Background: Cystic fibrosis (CF) is characterized by a thick, sticky mucus responsible for both airway obstruction and resistance to drug diffusion, reducing the effectiveness of drug delivery to the lung. Studies of drug-mucus interaction may be a crucial step in therapeutic management of CF. In the present research, the effect of a saline solution of sodium bicarbonate (100 mM) on sputum viscosity and the permeation properties of ketoprofen lysinate (Klys) from a previously developed dry powder inhaler were evaluated. Methods: Rheological measurements were performed using an ARES rotational rheometer (Rheometrics, Inc.) with a parallel plate geometry. The gel fraction, separated from the liquid phase of various sputum samples from CF patients was loaded onto the plate. The elastic (G') and the viscous (G") moduli, tan δ (ratio of G" to G') and η∗ (complex viscosity) were evaluated as frequency-dependent parameters. Drug permeation across CF sputum from dry powders was studied by means of Franz-type vertical diffusion cells. The experiments were conducted on untreated sputum and on sputum treated with bicarbonate. Results: Rheological studies showed that the elastic modulus (G') was always greater than the viscous modulus (G") and the viscosity decreased with increasing frequency, as for pseudo-plastic fluids. Bicarbonate caused a downward shift of both the elastic and viscous moduli, with a reduction in complex viscosity. As to drug permeation, the untreated sputum slowed down drug dissolution and permeation compared to buffer permeability (control). Permeation studies across CF sputum treated with bicarbonate showed higher Klys dissolution/permeation than untreated sputum. Conclusions: The interesting results confirm the previously reported bicarbonate. effectiveness in CF; this weak base seems to act by decreasing high viscosity of the CF bronchial secretion and, potentially, resulting in better mucus clearance and in fighting pulmonary infections.

Rheological Properties of Cystic Fibrosis Bronchial Secretion and in Vitro Drug Permeation Study: The Effect of Sodium Bicarbonate

STIGLIANI, MARIATERESA;MANNIELLO, MICHELE DARIO;GAROFALO, EMILIA;INCARNATO, Loredana;AQUINO, Rita Patrizia;DEL GAUDIO, Pasquale;RUSSO, Paola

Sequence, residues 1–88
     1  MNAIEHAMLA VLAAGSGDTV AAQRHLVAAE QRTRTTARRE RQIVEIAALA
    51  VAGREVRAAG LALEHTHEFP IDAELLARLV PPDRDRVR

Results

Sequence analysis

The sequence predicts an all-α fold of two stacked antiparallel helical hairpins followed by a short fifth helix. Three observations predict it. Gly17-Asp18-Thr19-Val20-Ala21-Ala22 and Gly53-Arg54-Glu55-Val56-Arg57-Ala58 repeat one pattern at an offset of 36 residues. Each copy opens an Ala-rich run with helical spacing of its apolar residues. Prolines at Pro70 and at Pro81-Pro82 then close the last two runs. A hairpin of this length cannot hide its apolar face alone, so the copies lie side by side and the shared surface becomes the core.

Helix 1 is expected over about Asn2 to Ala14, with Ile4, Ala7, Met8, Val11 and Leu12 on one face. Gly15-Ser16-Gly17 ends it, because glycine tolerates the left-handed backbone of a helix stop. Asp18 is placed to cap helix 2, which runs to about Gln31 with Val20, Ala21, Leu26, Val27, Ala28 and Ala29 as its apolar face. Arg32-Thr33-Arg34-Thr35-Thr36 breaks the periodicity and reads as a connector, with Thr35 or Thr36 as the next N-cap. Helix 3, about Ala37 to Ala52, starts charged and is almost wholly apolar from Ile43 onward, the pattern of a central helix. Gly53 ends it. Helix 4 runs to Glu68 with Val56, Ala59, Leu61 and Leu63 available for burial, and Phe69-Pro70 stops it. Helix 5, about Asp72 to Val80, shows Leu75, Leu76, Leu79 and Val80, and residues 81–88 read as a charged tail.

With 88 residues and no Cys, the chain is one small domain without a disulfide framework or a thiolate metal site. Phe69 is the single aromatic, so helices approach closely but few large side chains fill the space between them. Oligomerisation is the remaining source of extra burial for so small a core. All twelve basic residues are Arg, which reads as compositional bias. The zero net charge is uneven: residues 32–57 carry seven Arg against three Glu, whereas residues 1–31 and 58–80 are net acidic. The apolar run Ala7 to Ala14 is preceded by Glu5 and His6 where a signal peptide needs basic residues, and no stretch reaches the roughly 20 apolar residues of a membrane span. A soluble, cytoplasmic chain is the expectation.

2016-01-01

Abstract

Background: Cystic fibrosis (CF) is characterized by a thick, sticky mucus responsible for both airway obstruction and resistance to drug diffusion, reducing the effectiveness of drug delivery to the lung. Studies of drug-mucus interaction may be a crucial step in therapeutic management of CF. In the present research, the effect of a saline solution of sodium bicarbonate (100 mM) on sputum viscosity and the permeation properties of ketoprofen lysinate (Klys) from a previously developed dry powder inhaler were evaluated. Methods: Rheological measurements were performed using an ARES rotational rheometer (Rheometrics, Inc.) with a parallel plate geometry. The gel fraction, separated from the liquid phase of various sputum samples from CF patients was loaded onto the plate. The elastic (G') and the viscous (G") moduli, tan δ (ratio of G" to G') and η∗ (complex viscosity) were evaluated as frequency-dependent parameters. Drug permeation across CF sputum from dry powders was studied by means of Franz-type vertical diffusion cells. The experiments were conducted on untreated sputum and on sputum treated with bicarbonate. Results: Rheological studies showed that the elastic modulus (G') was always greater than the viscous modulus (G") and the viscosity decreased with increasing frequency, as for pseudo-plastic fluids. Bicarbonate caused a downward shift of both the elastic and viscous moduli, with a reduction in complex viscosity. As to drug permeation, the untreated sputum slowed down drug dissolution and permeation compared to buffer permeability (control). Permeation studies across CF sputum treated with bicarbonate showed higher Klys dissolution/permeation than untreated sputum. Conclusions: The interesting results confirm the previously reported bicarbonate. effectiveness in CF; this weak base seems to act by decreasing high viscosity of the CF bronchial secretion and, potentially, resulting in better mucus clearance and in fighting pulmonary infections.
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Utilizza questo identificativo per citare o creare un link a questo documento: https://hdl.handle.net/11386/4670936
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